- The Washington Times - Wednesday, January 5, 2000


"In his novel '1984,' George Orwell wrote the formula for would-be thought dictators: 'Who controls the past controls the future.' By that reckoning, Steven Spielberg's new movie, 'The Unfinished Journey,' which premiered Friday night as part of 'America's Millennium Gala,' ranks as a minor classic of neo-Orwellianism," writes syndicated columnist James Pinkerton.
"Just as Orwell's 'Ministry of Truth' propagandized on behalf of Big Brother, so Spielberg's 18-minute film was yoked to the political ambitions of Big Sister Hillary Rodham Clinton. And American history was indeed double-thinked by the Washington-Hollywood axis."
Mr. Pinkerton added: "All one really needed to know about Spielberg's 'Journey' came in the first few seconds, as the image of Abraham Lincoln morphed into Bill Clinton, who recited the words from the 16th president's 'with malice toward none' Second Inaugural address."

No role model

When it comes to presidential role models, Vice President Al Gore points to Franklin D. Roosevelt, John F. Kennedy and Lyndon B. Johnson but not Bill Clinton.
On the day Mr. Clinton was impeached, Mr. Gore predicted that his two-time running mate would go down in history as one of the nation's "greatest presidents."
Yet Mr. Gore made no mention of Mr. Clinton this week when discussing what type of leadership qualities he would seek to take to the Oval Office if elected the nation's next president.
Instead, Mr. Gore saluted Mr. Roosevelt, Mr. Johnson and Mr. Kennedy, all Democrats, for simultaneously addressing a variety of national priorities from fighting poverty to advancing civil rights to pushing to put a man on the moon.
"They knew that we had to proceed on all the great unfinished business of our society," Mr. Gore told a gathering of several people at West High School in Davenport, Iowa, on Monday.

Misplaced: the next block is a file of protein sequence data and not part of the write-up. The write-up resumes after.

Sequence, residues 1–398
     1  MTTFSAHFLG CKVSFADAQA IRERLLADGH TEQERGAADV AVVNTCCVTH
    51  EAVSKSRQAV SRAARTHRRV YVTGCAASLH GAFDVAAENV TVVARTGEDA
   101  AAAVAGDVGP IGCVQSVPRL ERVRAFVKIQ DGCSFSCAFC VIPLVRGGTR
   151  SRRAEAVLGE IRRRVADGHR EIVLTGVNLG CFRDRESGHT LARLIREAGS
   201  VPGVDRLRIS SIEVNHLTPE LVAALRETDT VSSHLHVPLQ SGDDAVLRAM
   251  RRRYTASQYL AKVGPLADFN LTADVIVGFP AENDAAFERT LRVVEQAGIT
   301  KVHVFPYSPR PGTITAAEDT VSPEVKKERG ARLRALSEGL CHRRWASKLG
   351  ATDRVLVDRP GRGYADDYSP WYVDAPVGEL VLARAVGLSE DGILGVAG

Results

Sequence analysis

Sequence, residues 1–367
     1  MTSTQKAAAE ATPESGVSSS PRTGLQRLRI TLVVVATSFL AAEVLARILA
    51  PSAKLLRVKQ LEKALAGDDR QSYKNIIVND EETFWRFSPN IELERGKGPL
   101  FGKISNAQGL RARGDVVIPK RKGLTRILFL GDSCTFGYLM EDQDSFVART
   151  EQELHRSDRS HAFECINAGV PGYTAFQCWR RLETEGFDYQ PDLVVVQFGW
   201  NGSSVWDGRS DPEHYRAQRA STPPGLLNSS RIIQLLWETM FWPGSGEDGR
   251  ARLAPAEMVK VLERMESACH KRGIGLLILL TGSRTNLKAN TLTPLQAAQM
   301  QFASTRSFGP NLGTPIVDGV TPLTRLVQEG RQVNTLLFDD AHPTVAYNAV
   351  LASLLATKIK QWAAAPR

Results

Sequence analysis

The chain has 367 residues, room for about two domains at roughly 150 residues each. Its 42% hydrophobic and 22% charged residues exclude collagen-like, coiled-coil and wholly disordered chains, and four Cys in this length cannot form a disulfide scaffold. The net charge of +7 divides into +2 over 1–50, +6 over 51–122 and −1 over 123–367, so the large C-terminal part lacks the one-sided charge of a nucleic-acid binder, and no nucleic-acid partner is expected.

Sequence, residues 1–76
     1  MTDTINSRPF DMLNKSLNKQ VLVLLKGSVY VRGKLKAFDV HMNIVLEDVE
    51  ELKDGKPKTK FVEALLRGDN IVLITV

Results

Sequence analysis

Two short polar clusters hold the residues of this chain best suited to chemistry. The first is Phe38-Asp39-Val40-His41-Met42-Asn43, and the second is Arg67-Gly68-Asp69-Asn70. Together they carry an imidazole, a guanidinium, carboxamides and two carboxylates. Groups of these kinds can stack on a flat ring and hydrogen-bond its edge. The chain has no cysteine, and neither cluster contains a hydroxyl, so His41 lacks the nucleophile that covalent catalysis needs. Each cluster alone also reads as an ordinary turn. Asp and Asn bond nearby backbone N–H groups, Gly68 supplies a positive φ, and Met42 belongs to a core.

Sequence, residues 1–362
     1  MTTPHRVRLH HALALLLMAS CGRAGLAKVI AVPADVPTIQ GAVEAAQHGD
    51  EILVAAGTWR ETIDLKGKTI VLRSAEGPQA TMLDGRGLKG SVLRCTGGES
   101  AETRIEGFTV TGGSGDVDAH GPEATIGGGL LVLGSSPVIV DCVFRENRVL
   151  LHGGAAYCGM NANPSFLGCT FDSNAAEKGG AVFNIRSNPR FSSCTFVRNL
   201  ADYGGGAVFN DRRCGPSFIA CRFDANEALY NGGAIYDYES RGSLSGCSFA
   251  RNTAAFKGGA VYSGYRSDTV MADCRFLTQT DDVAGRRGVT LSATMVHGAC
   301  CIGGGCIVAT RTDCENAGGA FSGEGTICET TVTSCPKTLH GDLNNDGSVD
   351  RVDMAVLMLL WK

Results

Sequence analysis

In doing so, Mr. Gore seemed to distance himself from Mr. Clinton. And he also tweaked Bill Bradley, his only challenger for 2000 Democratic presidential nomination, for picking a Republican role model, Ronald Reagan.
Mr. Bradley has said he likes the fact that Mr. Reagan focused on trying to implement a few overarching goals.
Said Mr. Gore: "I have different models for the presidency, leaders like Franklin Roosevelt, John Kennedy and Lyndon Johnson leaders who did not believe that America could only do one or two things."


Why did the Clintons have housing Secretary Andrew M. Cuomo take federal funds away from New York Mayor Rudolph W. Giuliani? It's the polls, stupid.
Or at least that is what Dick Morris thinks, and Mr. Morris knows both Clintons very well from his days as their political guru.
The latest Marist Poll shows Hillary Rodham Clinton's lead in New York City has sagged from 40 percentage points to 26 in a matchup with Mr. Giuliani for a U.S. Senate seat.
"No doubt it's when she saw these numbers that Hillary pivoted from her focus on upstate and decided to take the mayor in his own back yard. When Hillary says she doesn't pay attention to polls, chalk it up to the same category as her Pinnochio president-husband's denials of sex," Mr. Morris writes in the New York Post.
"The Clintons' New York City offense is truly unprecedented. Together, they have mobilized the full resources of the federal government in a carrot-and-stick approach to America's largest city. Acting through their puppet Andrew Cuomo, they virtually federalize city government by taking over homeless funding on the slender pretext that the mayor downgraded one of the dozens of homeless-aid groups. From now on, we are New York, D.C., America's second federal city."

The race card

Donna Brazile, campaign manager for Vice President Al Gore, continues to play the race card, taking digs at Colin Powell and Rep. J.C. Watts Jr. as well as the entire Republican Party.